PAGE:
After a serious accident, you may be suffering from serious injuries, and your vehicle could be badly damaged. The crash was not your fault, and you should not have to pay your medical bills and auto repair costs yourself, so you file an insurance claim.
In Illinois, you have two choices: filing the claim with your own auto insurance company or with the other driver’s insurer. The latter type of claim is called a third-party claim. While it may be the best move in your situation, be aware that insurance companies do not treat third-party claims the same as first-party claims (claims filed by one of their customers).
Comparing fault after a Chicago car wreck
Once you file a third-party claim, the insurance company will investigate your crash and try to determine who was at fault. In some cases, both drivers share the blame. Illinois’ personal injury laws follow the comparative negligence rule, which states a claimant can collect damages as long as they are 50 percent or less at fault for the accident. However, the amount of damages the claimant is entitled to is reduced by their percentage of responsibility. So if the insurance company concludes that their customer was 75 percent at fault and you were 25 percent at fault, they might offer 75 percent of your claimed damages as a settlement.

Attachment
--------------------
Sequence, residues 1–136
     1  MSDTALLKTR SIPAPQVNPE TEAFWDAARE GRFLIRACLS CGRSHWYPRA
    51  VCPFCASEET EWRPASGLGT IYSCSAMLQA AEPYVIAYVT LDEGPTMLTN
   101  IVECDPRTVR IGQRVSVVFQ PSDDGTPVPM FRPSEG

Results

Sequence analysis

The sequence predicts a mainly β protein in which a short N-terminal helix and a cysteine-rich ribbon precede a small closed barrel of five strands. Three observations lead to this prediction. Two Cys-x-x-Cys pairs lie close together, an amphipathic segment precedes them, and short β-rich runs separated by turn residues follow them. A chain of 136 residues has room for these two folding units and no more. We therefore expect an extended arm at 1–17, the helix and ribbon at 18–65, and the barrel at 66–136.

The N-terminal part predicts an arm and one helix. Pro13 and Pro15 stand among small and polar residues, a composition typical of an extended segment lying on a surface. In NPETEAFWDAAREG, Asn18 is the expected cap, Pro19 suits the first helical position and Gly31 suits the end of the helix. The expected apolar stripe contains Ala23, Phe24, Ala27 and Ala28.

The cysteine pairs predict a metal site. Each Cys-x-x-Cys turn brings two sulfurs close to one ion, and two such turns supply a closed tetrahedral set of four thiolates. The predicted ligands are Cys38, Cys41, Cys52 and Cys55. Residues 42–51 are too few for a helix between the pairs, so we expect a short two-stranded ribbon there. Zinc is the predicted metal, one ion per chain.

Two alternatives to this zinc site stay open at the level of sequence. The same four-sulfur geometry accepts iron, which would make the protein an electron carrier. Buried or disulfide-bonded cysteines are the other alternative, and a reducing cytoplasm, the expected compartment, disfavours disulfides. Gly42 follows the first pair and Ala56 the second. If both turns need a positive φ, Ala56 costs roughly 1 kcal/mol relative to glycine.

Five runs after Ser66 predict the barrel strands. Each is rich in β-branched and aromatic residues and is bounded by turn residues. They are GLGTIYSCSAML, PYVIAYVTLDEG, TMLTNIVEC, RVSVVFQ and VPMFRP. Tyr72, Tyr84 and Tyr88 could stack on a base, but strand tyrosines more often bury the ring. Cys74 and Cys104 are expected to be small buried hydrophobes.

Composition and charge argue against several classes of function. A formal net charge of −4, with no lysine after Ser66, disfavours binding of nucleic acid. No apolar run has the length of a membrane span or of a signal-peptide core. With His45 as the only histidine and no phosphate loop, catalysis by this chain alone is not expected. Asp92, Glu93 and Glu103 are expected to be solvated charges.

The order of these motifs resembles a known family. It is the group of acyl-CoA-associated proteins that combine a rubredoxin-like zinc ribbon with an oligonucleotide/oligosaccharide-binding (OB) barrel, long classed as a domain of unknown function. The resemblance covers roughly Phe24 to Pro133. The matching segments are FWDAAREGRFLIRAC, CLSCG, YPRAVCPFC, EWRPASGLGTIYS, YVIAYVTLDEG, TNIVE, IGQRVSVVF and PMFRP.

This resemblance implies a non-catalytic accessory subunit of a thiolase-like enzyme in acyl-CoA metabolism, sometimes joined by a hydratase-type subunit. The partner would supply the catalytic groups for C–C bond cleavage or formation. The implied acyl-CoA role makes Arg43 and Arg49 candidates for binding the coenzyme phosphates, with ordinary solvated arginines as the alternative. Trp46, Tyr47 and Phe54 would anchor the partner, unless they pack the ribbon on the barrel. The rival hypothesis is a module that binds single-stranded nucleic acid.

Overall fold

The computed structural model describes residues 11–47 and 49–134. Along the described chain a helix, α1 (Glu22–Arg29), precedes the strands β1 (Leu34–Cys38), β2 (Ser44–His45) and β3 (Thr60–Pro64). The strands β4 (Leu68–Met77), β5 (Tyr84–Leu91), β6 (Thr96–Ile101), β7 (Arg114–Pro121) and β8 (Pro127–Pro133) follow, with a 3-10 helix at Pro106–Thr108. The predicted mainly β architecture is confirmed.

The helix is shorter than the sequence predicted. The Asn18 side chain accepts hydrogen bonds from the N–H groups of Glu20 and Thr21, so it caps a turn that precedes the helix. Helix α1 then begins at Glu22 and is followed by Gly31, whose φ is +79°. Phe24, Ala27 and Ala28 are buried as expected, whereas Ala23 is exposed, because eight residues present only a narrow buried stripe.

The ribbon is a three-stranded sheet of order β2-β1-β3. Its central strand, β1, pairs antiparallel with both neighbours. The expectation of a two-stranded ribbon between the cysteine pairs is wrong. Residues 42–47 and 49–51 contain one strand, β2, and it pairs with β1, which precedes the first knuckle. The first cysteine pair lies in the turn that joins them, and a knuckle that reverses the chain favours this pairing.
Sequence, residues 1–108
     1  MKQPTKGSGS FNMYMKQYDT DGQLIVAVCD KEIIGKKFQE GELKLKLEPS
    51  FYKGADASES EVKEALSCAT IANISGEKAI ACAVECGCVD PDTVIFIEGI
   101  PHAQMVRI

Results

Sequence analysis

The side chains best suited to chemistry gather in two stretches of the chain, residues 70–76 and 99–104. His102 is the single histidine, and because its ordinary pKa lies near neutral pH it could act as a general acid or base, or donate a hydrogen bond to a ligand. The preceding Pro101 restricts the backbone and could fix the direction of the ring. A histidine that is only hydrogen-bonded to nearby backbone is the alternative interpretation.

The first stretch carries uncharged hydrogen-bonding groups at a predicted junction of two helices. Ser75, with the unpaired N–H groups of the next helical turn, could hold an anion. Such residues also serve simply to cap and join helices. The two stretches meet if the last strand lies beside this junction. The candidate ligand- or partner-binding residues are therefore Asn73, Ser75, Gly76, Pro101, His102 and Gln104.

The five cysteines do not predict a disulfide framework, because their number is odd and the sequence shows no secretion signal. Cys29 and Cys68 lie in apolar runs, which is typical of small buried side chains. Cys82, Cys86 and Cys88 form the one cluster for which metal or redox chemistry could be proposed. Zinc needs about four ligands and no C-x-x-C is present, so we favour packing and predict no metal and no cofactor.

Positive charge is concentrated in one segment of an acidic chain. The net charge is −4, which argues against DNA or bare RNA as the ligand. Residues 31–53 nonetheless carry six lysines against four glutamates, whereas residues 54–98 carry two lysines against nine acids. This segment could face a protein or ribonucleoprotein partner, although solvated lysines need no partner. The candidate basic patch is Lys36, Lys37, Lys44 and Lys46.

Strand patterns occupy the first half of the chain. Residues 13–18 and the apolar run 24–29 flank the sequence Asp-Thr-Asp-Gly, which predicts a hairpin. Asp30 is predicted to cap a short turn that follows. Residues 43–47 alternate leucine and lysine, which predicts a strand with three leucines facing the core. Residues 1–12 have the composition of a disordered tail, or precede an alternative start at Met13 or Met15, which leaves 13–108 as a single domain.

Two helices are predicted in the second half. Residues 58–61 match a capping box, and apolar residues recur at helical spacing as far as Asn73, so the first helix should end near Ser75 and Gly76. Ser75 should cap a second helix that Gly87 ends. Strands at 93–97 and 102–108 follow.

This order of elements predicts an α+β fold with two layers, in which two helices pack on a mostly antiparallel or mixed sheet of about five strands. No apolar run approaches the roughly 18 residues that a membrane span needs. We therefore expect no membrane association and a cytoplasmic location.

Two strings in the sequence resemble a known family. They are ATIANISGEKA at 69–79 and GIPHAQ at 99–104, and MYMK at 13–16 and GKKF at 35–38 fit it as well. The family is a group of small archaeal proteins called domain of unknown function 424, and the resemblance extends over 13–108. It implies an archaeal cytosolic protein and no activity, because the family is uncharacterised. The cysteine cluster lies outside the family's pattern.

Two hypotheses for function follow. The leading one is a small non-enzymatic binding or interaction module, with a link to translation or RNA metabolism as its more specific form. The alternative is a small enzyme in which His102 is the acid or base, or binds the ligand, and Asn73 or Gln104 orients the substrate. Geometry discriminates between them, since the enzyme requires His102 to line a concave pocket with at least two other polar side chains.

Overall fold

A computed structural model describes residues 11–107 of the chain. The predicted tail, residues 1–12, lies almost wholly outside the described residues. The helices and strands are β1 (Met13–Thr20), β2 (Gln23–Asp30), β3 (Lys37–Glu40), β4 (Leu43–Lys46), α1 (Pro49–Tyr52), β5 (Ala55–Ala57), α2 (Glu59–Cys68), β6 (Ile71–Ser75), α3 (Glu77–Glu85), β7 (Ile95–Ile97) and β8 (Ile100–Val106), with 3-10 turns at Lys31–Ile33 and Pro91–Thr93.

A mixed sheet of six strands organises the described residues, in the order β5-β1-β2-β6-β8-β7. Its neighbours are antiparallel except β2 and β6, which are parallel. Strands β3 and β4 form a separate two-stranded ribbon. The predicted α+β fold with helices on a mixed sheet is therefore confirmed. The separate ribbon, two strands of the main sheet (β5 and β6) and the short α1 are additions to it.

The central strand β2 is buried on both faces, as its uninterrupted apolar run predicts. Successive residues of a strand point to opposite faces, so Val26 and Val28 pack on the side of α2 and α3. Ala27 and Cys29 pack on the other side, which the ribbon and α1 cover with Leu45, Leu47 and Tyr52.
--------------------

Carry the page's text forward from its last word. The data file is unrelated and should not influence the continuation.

In your claim, you should provide as much information as possible to show the extent of your damages and how the other driver was responsible.
Think before signing away your claim
If the insurance company makes a settlement offer for your personal injuries, it will also require you to sign a release for damages. This prevents you from filing a lawsuit or seeking additional compensation beyond what the company is offering. Before signing the release, you need to make sure the settlement offer is reasonable, which you can discuss with a personal injury attorney.